Not Telling A Story
Advocate Bryan C. Jones Wants to Change the Narrative About HIV
by Mel Baker
Photographed Exclusively for A&U by Sean Black
When I interview Bryan by phone from his home in Cleveland, he is full of insight, strong opinions and energy. I spend a lot of time trying to lock down the timeline of his story, but he’s not so keen on the idea of another profile of him as the “ghetto activist.”
“I hate it when people say, ‘Brian can you tell your story?’ I don’t have a damn story. I have chapters of my life I haven’t lived yet, so why do you want me to tell ‘a’ story?”
I soon realize I can’t profile Bryan and his current activism by simplifying his life into the narrative of “one man’s triumph over hardship.” Instead his journey moves back and forth, front ways and sideways, down and up.
On World AIDS Day 2018, Bryan is in Ottawa with Canada’s Minister of Health as the nation becomes the first to endorse the Undetectable = Untransmittable (U=U) campaign. The culmination of a long campaign promoting the fact that people under treatment with undetectable HIV can’t transmit it to others.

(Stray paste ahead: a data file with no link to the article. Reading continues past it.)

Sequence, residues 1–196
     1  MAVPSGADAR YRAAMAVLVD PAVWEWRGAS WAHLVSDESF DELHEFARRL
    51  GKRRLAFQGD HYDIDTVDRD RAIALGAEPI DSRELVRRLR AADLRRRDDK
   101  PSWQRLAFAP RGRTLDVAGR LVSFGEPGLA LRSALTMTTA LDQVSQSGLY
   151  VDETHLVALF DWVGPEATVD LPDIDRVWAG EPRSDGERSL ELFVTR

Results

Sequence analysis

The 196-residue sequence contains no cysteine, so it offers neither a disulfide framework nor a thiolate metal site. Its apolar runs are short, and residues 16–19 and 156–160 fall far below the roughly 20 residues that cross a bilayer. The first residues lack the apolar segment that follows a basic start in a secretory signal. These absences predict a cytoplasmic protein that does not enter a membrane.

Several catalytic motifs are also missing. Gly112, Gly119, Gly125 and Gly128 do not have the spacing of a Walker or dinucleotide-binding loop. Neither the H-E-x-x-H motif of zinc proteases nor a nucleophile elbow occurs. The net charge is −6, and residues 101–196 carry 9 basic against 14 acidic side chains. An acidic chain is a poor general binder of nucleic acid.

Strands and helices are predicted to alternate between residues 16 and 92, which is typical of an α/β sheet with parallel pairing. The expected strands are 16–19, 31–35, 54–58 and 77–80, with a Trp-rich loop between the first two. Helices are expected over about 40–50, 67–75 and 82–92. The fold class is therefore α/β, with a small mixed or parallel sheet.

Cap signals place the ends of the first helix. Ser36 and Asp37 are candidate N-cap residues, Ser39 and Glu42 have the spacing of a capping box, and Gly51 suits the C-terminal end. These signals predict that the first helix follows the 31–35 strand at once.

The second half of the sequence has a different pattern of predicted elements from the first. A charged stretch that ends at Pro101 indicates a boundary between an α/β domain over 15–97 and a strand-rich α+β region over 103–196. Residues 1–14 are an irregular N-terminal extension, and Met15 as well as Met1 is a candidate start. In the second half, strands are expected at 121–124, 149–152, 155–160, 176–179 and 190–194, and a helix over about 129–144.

In 1984, Bryan is a senior at Florida A&M University, but fears he may have the disease killing gay men. To avoid anyone finding out at college, he travels all the way to Atlanta to be given a series of tests. A few weeks later he gets a call telling him he has “gay-related immune deficiency” (GRID) and only six months to live, before the doctor quickly hangs up.
In 2017, Bryan and more than 180 protestors are arrested inside the U.S. Capitol to protest the Republican efforts to gut the Affordable Care Act.
In 2008, Bryan has survived cancer in prison. He’s being treated for HIV, but as he leaves his prison cell, he’s given HIV meds that he knows won’t work on his virus. At the bus station, he drops the useless pills into the garbage, knowing that he will have to take care of his own health.